Tuesday, August 12, 2008

Money as a Weapon

'Money as a weapon' is certainly nothing new. Big Corpora's lobbyists and their made men in the halls of power have been using it against the American people for years and it's a very effective tactic, but this is a little more direct:


In the five-year struggle to finish the war in Iraq, military leaders and their troops have said a particular weapon is among the most effective in their arsenal:

American cash.

This is the first time I've heard about the 'struggle' to 'finish the war' in Iraq. Mostly it's been about Bush's struggle to keep it going forever. But I digress...

Soldiers walk the streets carrying thousands of dollars to pay Iraqis for doorways battered in American raids and limbs lost during firefights. Sheiks appeal to commanders to use larger pools of money locked away in Humvees and safes at military bases for new schools, health clinics, water treatment plants and generators, knowing that the military can bypass Iraqi and U.S. bureaucratic hurdles.

Army documents show that $48,000 was spent on 6,000 pairs of children's shoes; an additional $50,000 bought 625 sheep for people described in records as "starving poor locals" in a Baghdad neighborhood. Soldiers ordered $100,000 worth of dolls and $500,000 in action figures made to look like Iraqi Security Forces. About $14,250 was spent on "I Love Iraq" T-shirts. More than $75,000 sent a delegation to a women's and civil rights conference in Cairo. And $12,800 was spent for two pools to cool bears and tigers at Zawra Park Zoo in Baghdad.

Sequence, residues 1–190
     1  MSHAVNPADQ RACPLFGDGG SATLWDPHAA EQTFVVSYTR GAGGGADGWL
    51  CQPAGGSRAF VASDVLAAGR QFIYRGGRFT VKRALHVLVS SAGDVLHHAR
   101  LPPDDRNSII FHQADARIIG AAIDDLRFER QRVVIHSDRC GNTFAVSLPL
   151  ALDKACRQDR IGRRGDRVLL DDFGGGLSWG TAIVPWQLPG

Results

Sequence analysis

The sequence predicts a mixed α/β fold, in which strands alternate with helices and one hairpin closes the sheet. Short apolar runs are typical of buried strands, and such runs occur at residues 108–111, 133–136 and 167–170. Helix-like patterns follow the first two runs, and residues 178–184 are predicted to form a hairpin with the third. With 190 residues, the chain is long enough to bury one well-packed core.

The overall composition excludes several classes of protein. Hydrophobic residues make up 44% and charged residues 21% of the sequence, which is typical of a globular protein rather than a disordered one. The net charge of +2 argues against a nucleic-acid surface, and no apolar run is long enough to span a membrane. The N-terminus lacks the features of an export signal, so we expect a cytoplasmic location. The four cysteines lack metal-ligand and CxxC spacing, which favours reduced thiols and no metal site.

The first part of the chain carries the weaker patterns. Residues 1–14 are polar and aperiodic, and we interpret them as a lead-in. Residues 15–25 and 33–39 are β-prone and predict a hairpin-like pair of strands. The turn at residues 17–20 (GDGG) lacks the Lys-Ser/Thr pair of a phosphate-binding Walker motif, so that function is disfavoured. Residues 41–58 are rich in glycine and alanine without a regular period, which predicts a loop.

Shoes and sheep I can dig, but action figures, t-shirts and animal cooling pools in a fucking war zone? Things must be going better than we think!

Time to bring the troops home. Just leave pallets of cash at strategic places and let the Iraqis help themselves. Shit, dollars aren't worth anything anyway. They're crankin' 'em out 24/7 on printing presses in China. As soon as they get the plates to print Euros, Iraq's economy will really take off!

This is a very long article, with a mixture of compassion and outrage, for me at least, on how we're (mis?)handling part of the giveaway of our children's and grandchildren's futures. Go read it, but one paragraph amused me a little in a grrrr! kinda way:

The tactic was similar to the way Hezbollah operates in Lebanon, said Koenig, who was an adviser to one of the Marine generals in charge of large-dollar CERP projects. "Hezbollah shows up after an Israeli airstrike with cash and fixes the neighborhood," he said. Iraqi insurgents, including al-Qaeda in Iraq, "never did that," he said. "They would come in and take charge of an area, but they didn't come back and say, 'We're going to help you out here.' "

I find it ironic that we're using Hezbollah tactics, with one big difference - we're doing the bombing and killing, then we're going in afterward and handing out cash.

Let's just drop the money and save the grief.

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